Hermitage Says Raid Led to Identity Theft

Hermitage Capital Management, the $3 billion hedge fund run by William Browder, says it is a victim of corporate identity theft, according to legal filings sent to prosecutors in Russia and the Channel Islands.

Hermitage says the attack began with an inquiry by Moscow tax officials into a Cyprus-based account it managed. Last June, Interior Ministry investigators raided the Moscow offices of Hermitage and its lawyers at Firestone & Duncan, according to court filings by a unit of HSBC Holdings, the trustee and administrator of the fund. They took Hermitage's corporate seal, tax registration and charter, according to the filings.

A month later, Hermitage, once the largest foreign owner of Russian stocks, was defended by lawyers it did not hire in a lawsuit in St. Petersburg that it did not know about, the complaints said. The court ordered Hermitage to pay $367 million, a ruling that has since been reversed, documents show.

"None of these events or actions could have occurred, including the falsification of new corporate bylaws and the powers of attorney, without those responsible having gained access to the original corporate documentation and corporate seals seized by the Interior Ministry," wrote Paul Wrench, a director at HSBC's Guernsey branch, in a complaint to the Guernsey Financial Intelligence Service dated Feb. 13.

Wrench filed similar complaints to the Prosecutor General's Office and the Interior Ministry's internal affairs division in Moscow in December. The ministry's investigative unit, the one Hermitage and HSBC says employs the people behind the campaign, said Feb. 5 that it would investigate the charges.

Pierre Goad, a spokesman for HSBC in London, declined to comment Friday.

Interior Ministry spokeswoman Yulia Kiselyova declined to comment, as did Browder, a U.S. native and British citizen who has campaigned against waste and mismanagement at some of the country's largest companies, including Gazprom. Wrench did not respond to calls seeking comment.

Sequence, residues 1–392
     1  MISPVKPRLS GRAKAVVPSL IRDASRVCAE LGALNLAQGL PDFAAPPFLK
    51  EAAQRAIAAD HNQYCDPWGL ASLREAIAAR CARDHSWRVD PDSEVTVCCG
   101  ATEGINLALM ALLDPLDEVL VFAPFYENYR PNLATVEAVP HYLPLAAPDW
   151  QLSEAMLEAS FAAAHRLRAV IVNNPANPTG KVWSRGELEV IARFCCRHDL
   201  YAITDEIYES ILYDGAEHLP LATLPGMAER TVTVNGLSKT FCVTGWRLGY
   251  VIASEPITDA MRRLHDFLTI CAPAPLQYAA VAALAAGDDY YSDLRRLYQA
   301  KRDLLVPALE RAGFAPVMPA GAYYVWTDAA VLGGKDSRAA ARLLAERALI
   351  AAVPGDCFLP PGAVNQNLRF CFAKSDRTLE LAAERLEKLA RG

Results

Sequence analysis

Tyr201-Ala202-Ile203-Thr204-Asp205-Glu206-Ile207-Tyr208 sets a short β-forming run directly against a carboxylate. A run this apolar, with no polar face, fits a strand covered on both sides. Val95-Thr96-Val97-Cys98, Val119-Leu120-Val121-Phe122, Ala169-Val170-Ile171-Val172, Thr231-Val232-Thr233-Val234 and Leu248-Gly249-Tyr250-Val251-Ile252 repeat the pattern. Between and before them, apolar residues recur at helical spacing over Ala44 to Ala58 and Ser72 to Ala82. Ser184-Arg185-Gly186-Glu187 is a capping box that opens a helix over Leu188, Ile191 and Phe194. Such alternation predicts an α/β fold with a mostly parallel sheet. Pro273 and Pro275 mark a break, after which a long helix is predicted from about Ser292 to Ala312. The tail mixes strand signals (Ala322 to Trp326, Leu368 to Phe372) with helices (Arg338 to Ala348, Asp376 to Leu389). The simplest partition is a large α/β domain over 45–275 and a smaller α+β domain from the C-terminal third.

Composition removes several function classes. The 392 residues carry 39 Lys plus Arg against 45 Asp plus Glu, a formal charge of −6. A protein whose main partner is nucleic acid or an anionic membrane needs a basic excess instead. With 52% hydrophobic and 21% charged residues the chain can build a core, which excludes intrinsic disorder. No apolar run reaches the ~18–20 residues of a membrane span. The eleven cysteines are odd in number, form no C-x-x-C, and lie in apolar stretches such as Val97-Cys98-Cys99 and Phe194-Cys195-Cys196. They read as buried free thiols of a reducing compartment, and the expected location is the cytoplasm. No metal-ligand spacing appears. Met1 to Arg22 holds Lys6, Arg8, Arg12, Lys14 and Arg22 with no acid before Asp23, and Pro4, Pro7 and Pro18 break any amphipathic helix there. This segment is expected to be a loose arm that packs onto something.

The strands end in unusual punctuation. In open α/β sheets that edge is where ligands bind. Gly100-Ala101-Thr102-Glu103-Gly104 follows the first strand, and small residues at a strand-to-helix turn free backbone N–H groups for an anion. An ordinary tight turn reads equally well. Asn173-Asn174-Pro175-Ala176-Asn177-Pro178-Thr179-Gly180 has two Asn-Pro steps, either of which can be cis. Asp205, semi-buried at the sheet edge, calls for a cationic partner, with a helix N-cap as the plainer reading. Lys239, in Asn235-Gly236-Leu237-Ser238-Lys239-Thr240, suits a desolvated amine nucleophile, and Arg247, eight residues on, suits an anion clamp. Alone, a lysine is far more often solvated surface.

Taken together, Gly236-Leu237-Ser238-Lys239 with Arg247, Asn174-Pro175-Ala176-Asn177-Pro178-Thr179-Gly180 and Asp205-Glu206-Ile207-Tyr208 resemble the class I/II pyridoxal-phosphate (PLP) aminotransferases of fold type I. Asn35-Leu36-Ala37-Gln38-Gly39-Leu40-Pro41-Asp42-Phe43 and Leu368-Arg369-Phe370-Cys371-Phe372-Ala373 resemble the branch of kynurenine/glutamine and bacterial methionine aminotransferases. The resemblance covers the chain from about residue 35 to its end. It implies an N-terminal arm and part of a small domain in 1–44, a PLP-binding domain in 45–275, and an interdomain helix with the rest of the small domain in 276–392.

In all, at least six lawsuits against Hermitage funds and companies totaling $1.5 billion in claims have been filed since the Moscow raids, all but one of which have been reversed, a Hermitage spokesman said, declining to be identified because the cases are pending.

Browder has campaigned to renew his visa since it was revoked without explanation in 2005. He petitioned First Deputy Prime Minister Dmitry Medvedev directly at the World Economic Forum in Davos on Jan. 28, 2007.

Kommersant said Thursday that Browder had been charged in absentia with evading more than 4 billion rubles ($169 million) in taxes. Kiselyova, the Interior Ministry spokeswoman, denied Friday that Browder was charged and declined to comment on Hermitage's accusations.

A critic of corporate mismanagement in the country since 1996, Browder, has supported Putin and defended the Kremlin's campaign against Mikhail Khodorkovsky, who was the county's richest man before he was arrested in October 2003 and sentenced to eight years in a Siberian penal colony on fraud and tax-evasion charges.